Collection KFA - ARTS: King's College London faculty records

Key Information

Reference code



ARTS: King's College London faculty records


  • 1898-1995 (Creation)

Level of description



5 boxes

Scope and content

The records of the Faculty of Arts/School of Humanities at King's College London comprise minutes, correspondence and other papers, 1898-1995. These notably include bound Faculty Board minutes covering academic issues such as teaching, examinations and staffing, 1898-1989; minutes of the Humanities Computer Users' Committee with supporting materials, 1990-1993; correspondence on the relationship between the School and the Library, including School of Humanities Library Committee minutes, 1989-1993; research grant applications, proposals and costings, financial forecasts and budgetary planning for the School, 1990-1993; statistics on staff-student ratios and examination results within the various constituent departments of the Faculty, 1982-1985; typescript memorandum relating to the relocation of the College to Bristol during World War Two and air raid protection, 1941; papers relating to the Graduate School of the Prince of Wales's Institute of Architecture, 1994-1995; Faculty photographs of class intakes, 1965-1973.

System of arrangement

The records are mainly arranged by year of accession.

General Information

Name of creator


Biographical history

The origins of the Faculty of Arts lay in the Department of General Literature and Science. The Department came into being in 1839 in response to the need for a greater differentiation of the syllabus for students of the Senior Department at King's College London. As its name suggests, it constituted a broad faculty or grouping of subjects and classes that provided a core liberal syllabus in the arts and sciences available to all students of King's, including Medical students. Principal subjects included English Literature, Theology, Modern History, Classics, Modern Languages and Mathematics, but later instruction covered subjects as diverse as Geology, Law, Political Economy and Oriental Languages. The division between General Literature and Science Departments, that took place in 1888, foreshadowed the replacement of General Literature by the new Faculty of Arts in 1893. In 1904 the Department of Architecture and the Divisions of Laws and Economics were integrated into the Faculty of Arts until the Transfer Act of 1908 when the governance of King's College London was transferred to the University of London and a separate Faculty of Laws was established. The Faculty of Arts was replaced by the School of Humanities in 1989.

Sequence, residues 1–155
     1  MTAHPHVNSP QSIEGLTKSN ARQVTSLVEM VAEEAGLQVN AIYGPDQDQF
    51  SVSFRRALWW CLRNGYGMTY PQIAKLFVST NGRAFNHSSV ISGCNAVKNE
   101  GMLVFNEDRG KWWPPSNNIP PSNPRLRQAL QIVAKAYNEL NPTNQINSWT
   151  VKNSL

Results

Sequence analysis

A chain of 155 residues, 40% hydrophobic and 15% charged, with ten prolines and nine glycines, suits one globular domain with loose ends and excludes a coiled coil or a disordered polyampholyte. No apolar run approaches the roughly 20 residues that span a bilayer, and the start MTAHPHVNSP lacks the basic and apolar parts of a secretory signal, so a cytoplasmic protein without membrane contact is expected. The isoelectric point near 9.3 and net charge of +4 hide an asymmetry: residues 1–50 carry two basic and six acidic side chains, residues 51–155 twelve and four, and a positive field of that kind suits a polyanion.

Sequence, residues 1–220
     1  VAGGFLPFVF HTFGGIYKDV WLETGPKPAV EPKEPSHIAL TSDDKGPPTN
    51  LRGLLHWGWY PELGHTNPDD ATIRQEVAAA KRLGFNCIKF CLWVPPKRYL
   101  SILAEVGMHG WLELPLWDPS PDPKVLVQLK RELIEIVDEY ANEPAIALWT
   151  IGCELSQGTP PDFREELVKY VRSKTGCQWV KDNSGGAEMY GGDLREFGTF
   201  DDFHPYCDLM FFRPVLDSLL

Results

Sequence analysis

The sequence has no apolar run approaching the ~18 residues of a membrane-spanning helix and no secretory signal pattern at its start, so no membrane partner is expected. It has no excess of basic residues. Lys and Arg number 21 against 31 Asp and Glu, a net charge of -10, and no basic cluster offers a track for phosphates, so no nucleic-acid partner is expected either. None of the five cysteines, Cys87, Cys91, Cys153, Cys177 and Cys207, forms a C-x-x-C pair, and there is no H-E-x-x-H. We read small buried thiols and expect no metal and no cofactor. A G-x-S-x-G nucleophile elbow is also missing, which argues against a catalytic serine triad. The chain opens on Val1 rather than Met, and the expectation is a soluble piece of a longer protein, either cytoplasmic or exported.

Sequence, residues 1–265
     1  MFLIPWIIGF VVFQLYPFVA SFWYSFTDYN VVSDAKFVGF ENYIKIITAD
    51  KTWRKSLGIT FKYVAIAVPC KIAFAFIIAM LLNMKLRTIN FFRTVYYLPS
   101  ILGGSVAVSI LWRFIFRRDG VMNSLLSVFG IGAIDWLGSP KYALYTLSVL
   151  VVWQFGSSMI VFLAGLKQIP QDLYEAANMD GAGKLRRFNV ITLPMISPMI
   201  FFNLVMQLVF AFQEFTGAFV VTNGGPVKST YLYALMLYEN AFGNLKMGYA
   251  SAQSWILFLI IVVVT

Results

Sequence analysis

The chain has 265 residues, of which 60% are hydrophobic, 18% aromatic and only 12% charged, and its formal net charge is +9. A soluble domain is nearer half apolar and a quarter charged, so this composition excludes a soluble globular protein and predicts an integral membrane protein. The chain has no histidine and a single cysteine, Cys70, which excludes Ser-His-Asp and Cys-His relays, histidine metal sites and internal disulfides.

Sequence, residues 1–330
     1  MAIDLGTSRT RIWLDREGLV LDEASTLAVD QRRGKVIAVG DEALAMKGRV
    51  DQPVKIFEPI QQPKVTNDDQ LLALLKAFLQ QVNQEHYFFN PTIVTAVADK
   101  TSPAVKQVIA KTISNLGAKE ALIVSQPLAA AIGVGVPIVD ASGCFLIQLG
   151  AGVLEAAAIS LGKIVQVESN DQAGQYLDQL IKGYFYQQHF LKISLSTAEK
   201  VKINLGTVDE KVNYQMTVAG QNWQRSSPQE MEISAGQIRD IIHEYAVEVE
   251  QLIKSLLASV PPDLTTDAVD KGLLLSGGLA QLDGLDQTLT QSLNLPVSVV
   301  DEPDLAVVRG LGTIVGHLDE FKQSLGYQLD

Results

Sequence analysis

Name of creator


Biographical history

Name of creator


Biographical history

Custodial history

King's College Faculty of Arts/School of Humanities.

Conditions governing access

Administrative records are generally closed for 20 years except for published material and some committee and other minutes.

Where open, access is subject to signature of Reader's undertaking form, and appropriate provision of two forms of identification, to include one photographic ID.

Conditions governing reproduction

Copies, subject to the condition of the original, may be supplied from open material for research purposes only.

Requests to publish original material should be submitted to the Archives.

Language of material

  • English

Script of material

Related materials

King's College London Archives: Faculty of Arts/School of Humanities student records (Ref: KFA/FP, KFA/FPC, KSH/FP, KSH/FPPG, KSH/FP(W), KSH/FPPG(W), KSH/FPND, KFA/FP(ADV); records of the Department of Byzantine and Modern Greek Studies (Ref: KCLCA 1996 KSH (MGS), KSH/BMGS); examination question papers (Ref: KCLCA K/EX). Also see the individual records of constituent departments.

Alternative identifier(s)

People and Organisations

Genre access points

Rules and/or conventions used

Compiled in compliance with General International Standard Archival Description, ISAD(G), second edition, 2000.


Archivist's note

Entry compiled by Geoff Browell as part of the RSLP AIM25 Project.

Accession area